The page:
I should have known things were going too well.
The Prairie Players’ performance of Sleeping with a One-Armed Man at the Glesby Centre went swimmingly last week. We felt overwhelmed when an audience of 265 showed up and collectively donated $1,380 to Manitoba Farmers with Disabilities. Thank you to everyone who came. Your generosity and support are deeply appreciated!
Next, we drove off to the ACT Festival in Dauphin. I hoped the team would do as well as they had at home. I hoped the adjudicators wouldn’t criticize us into the ground. I wondered if I’d find my way, especially since I was staying at my niece’s home and would need to navigate country roads after dark with my dicey night vision. Would the weather turn horrid? Had I packed the right outfits? Would my old car hang together? Would my sometimes precarious energy levels fizzle before the weekend ended?
|The bench AND the armful. Sweet!|
Not only did I arrive with no wrong turns, but the adjudicators offered much praise and helpful suggestions for making our play better. I enjoyed extraordinarily restful sleep in my niece’s spare room. The weather was perfect. The camaraderie delightful. The food too good to be true. The cherry on top occurred at the Saturday banquet when I won TWO fantastic prizes in the silent auction fundraiser! I rarely win anything, but this time I needed help lugging my loot to my car: a large flower pot filled with gardening supplies and a beautiful hand-crafted deacon’s bench!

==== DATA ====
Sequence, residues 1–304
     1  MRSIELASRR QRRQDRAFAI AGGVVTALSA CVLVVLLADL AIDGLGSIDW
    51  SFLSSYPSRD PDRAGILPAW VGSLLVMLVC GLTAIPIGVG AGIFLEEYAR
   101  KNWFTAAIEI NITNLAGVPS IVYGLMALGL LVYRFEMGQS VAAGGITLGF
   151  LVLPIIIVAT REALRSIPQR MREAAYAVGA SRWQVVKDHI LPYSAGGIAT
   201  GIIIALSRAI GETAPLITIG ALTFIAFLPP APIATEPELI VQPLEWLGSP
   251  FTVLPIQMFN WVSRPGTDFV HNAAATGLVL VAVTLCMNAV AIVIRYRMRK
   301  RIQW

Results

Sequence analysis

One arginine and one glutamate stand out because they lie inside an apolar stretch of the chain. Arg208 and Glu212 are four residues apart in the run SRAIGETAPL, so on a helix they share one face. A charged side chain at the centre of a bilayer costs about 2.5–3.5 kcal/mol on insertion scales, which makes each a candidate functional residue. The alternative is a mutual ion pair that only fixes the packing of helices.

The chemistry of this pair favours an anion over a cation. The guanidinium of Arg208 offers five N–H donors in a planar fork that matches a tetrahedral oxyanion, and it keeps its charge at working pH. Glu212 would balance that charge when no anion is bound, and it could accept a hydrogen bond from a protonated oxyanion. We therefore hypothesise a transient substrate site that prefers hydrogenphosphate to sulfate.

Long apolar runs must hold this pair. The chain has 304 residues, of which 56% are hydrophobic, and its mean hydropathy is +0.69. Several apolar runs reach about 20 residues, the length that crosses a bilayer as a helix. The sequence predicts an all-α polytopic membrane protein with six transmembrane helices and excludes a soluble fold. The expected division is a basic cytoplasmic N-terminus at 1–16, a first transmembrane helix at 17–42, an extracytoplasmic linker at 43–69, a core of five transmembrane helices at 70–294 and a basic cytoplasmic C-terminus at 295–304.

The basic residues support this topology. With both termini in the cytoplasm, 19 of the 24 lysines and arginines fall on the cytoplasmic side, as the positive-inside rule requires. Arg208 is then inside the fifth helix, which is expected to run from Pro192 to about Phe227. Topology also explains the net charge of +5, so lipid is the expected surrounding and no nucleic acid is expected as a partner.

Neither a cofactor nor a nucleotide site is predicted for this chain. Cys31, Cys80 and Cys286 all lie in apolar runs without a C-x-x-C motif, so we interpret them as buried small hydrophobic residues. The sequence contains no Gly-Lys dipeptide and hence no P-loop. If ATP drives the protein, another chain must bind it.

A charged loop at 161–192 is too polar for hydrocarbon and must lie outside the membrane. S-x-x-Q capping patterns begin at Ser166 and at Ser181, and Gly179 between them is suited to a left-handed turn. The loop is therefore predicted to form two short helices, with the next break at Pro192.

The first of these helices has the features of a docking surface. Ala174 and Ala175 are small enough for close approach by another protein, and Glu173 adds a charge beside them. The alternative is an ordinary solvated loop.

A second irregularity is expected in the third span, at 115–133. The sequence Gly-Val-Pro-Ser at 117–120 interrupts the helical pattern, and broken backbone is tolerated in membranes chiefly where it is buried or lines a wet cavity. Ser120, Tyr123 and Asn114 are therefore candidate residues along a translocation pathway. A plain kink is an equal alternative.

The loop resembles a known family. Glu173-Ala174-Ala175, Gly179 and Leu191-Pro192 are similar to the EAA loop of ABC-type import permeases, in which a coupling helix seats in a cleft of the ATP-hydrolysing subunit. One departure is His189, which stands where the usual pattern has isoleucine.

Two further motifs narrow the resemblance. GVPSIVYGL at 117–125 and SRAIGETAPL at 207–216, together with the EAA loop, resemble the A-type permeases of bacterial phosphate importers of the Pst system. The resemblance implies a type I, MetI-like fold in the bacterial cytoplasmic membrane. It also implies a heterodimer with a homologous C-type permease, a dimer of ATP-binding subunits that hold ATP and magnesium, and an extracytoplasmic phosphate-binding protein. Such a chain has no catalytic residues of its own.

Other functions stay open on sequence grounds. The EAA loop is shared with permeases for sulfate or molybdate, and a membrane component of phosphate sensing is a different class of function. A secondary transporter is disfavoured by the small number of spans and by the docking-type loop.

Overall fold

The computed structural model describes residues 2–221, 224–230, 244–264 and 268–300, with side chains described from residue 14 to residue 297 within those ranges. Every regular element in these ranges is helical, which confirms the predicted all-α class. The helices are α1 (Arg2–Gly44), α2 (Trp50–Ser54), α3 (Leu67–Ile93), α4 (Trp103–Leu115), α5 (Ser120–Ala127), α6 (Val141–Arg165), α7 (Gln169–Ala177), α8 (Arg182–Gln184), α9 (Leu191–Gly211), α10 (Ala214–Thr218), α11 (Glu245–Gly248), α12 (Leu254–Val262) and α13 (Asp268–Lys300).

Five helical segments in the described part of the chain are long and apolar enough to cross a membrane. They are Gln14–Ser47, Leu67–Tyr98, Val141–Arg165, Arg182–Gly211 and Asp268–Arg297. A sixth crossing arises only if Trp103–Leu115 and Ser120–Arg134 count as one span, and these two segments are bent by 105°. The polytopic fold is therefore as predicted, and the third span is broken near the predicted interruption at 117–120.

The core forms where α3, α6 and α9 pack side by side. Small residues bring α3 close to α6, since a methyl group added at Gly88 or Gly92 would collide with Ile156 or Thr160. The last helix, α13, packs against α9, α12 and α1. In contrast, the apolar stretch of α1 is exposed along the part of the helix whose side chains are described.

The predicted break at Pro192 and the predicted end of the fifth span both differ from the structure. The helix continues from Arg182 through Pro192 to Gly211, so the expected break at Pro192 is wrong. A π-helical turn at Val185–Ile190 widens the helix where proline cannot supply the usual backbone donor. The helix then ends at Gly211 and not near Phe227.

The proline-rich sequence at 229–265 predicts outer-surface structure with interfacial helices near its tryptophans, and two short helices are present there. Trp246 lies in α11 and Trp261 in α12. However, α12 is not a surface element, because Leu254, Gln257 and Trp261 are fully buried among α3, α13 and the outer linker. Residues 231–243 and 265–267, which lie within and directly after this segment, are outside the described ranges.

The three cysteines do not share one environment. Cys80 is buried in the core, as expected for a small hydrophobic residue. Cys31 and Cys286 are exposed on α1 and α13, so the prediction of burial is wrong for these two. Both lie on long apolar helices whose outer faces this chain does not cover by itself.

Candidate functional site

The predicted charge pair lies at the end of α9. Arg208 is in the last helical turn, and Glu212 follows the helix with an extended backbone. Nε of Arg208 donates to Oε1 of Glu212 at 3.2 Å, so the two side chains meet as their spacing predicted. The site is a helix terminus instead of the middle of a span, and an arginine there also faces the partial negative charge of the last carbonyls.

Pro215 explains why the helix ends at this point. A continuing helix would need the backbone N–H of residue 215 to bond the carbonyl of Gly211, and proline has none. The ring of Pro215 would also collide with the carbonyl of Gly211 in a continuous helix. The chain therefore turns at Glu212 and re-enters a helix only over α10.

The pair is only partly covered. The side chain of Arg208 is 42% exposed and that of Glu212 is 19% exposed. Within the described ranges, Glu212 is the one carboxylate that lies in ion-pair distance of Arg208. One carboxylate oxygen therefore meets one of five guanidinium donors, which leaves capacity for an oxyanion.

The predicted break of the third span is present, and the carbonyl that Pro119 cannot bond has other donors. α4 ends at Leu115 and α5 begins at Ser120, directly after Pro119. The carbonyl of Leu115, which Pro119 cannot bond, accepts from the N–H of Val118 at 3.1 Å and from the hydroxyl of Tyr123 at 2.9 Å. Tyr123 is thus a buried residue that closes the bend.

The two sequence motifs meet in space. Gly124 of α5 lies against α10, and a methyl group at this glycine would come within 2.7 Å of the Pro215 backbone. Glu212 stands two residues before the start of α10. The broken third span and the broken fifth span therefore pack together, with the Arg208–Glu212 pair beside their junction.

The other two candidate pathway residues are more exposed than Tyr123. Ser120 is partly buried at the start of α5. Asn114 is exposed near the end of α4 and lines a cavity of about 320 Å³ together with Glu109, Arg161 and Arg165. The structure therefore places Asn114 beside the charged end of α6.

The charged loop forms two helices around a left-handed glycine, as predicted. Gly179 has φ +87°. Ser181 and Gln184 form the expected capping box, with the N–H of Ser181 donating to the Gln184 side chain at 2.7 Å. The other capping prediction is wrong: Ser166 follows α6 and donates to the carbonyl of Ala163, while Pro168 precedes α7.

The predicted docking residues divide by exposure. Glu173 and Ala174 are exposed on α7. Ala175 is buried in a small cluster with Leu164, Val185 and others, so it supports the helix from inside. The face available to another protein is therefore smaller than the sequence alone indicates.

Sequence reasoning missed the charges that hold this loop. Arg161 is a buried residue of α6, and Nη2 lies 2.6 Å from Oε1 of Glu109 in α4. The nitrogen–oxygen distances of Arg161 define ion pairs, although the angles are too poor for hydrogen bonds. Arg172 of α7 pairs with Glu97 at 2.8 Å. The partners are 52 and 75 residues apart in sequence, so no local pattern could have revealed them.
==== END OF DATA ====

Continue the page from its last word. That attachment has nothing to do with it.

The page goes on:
I headed for home the following afternoon belting out happy songs, feeling like a competent playwright, a capable adult, and a truly fortunate individual. In Neepawa, I stopped and used the free McCafe coupon we’d each found in our goodie bag.
It should have occurred to me that my car might be equally thirsty.
It’s not that I didn’t look at the fuel gauge. I just didn’t look at it soon enough. And when I did, it told me seven liters and a range of 110 km. remained. Already past Westbourne, I should reach the filling station at #16 and #1, no problem. Right?
Wrong. My singing stopped.
At least I had enough warning to pull onto the shoulder. Now what? It’s a busy highway, but flagging down strangers when you’re alone is not widely recommended. I called home and left a message. Then I tried my sister’s house and didn’t bother with a message. I debated. I could call CAA and wait a couple of hours or I could try Mom. She’s generally looking for something to do on a Sunday afternoon.
But what competent, capable, 56-year-old calls their mother to rescue them from the side of the road?
Then again, what 56-year-old is fortunate enough to have that option?
I dialed Mom’s number. She arrived in 20 minutes. I climbed into her car and the first words out of her mouth were not, “what were you thinking?” or “I can’t believe you ran out of gas.” As we made eye contact she said, “I smell a column in the works.”
Indeed. I had already been scribbling notes while I awaited her rescue. Think she’s on to me?
She drove me to the nearest station where I purchased a jerrycan and the two of us figured out how to fill it. Back at my car, we emptied it into my tank and got behind our respective steering wheels, both smelling like gasoline. Mom followed me back to the station, waited while I filled, and continued to trail me into Portage in case I did some other dumb thing.
Thank you, Mom. You are part super-hero, part cheerleader, and part guardian angel. And all grace.